Are fogging and mosquito patches effective?

Patches and wristbands are scented with citronella, peppermint or similar oils, which are not as effective as repellents with Deet and picaridin.
Patches and wristbands are scented with citronella, peppermint or similar oils, which are not as effective as repellents with Deet and picaridin.TNP FILE PHOTO

Q How effective is thermal fogging?

A Thermal fogging is conducted using a device that vaporises a special insecticide, spreading it over a large area. The chemical kills adult mosquitoes, and it works really well in this department.

However, it has its limitations.

The fog remains in the air for only about 10 minutes. Mosquitoes that fly into the area after the fog has dispersed will not be affected as much.

Fogging just a single area might also result in chasing mosquitoes to another location. That is why it has to be properly planned.

As thermal fogging uses insecticide, it could also harm other insects such as moths and flies. But it is safe for humans and unlikely to harm animals such as birds and cats.

Importantly, fogging has to be complemented with public efforts to prevent mosquitoes from breeding, by eliminating stagnant water, and not littering, for instance.

Q Are mosquito repellent patches and wristbands effective in protecting against mosquito bites?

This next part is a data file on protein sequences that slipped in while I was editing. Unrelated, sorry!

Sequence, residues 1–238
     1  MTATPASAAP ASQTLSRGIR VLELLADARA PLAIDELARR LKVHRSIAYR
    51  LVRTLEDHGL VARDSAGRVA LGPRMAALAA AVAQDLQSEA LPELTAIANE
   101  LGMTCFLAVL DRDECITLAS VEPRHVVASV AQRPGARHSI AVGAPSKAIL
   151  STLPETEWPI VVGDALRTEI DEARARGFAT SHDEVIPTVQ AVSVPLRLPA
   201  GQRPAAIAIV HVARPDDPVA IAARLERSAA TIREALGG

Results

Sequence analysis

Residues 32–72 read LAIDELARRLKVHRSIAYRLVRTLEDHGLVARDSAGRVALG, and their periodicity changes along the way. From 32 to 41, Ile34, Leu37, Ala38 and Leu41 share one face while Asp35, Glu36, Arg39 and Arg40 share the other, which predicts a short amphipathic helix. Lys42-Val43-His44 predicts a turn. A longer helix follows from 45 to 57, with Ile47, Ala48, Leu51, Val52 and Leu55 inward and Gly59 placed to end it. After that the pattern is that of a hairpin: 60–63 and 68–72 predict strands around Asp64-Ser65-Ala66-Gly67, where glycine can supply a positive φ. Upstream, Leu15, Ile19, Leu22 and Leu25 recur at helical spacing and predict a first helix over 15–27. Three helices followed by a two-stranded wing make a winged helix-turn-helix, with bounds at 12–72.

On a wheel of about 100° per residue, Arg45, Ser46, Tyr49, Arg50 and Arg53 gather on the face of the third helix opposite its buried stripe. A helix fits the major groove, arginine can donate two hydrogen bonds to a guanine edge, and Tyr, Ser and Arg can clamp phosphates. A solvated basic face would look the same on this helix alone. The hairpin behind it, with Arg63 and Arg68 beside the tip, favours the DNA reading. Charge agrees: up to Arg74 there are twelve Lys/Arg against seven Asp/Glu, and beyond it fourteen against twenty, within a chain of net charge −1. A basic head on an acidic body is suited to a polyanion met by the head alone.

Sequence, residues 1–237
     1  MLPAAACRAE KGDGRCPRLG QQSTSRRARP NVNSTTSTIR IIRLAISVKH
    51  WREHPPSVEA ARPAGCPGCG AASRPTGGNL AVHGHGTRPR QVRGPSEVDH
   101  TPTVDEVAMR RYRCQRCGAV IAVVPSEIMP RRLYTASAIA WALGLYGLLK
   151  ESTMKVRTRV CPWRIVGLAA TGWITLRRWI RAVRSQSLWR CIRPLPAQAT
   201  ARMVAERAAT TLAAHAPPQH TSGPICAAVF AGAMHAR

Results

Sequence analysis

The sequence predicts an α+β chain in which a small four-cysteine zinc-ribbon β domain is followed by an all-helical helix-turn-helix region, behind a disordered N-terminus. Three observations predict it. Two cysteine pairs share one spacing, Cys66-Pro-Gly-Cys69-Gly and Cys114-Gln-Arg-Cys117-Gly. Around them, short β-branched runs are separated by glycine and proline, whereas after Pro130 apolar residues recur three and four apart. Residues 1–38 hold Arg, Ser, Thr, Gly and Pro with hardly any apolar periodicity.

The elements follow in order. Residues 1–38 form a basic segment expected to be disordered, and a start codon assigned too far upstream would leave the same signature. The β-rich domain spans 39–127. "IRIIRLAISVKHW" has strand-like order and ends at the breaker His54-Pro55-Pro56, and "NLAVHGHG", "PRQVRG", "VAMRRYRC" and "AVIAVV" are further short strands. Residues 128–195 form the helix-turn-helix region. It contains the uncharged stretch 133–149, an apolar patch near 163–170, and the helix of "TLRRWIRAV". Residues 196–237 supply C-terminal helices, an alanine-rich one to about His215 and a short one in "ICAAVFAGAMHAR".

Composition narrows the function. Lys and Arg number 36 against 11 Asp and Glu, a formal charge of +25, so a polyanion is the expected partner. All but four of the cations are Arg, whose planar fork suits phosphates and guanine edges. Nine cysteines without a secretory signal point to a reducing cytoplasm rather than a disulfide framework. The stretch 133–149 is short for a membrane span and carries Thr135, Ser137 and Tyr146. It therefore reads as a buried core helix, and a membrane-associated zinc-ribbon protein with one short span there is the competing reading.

A Patches and wristbands are scented with citronella, peppermint or similar oils, which are natural ingredients that help prevent mosquitoes from smelling humans.

But such oils are not as effective as repellents which contain Deet, or diethyltoluamide, and picaridin.

The higher the concentration of Deet and picaridin, the longer the anti-mosquito effect lasts.

Wristbands, which work by diffusing the natural repellents in the air, are also not as effective.

According to studies, a wristband may stop mosquitoes from landing on the hand or wrist, but they could still bite higher up on the arm.

Samantha Boh

A version of this article appeared in the print edition of The Straits Times on September 06, 2016, with the headline 'Are fogging and mosquito patches effective?'. Print Edition | Subscribe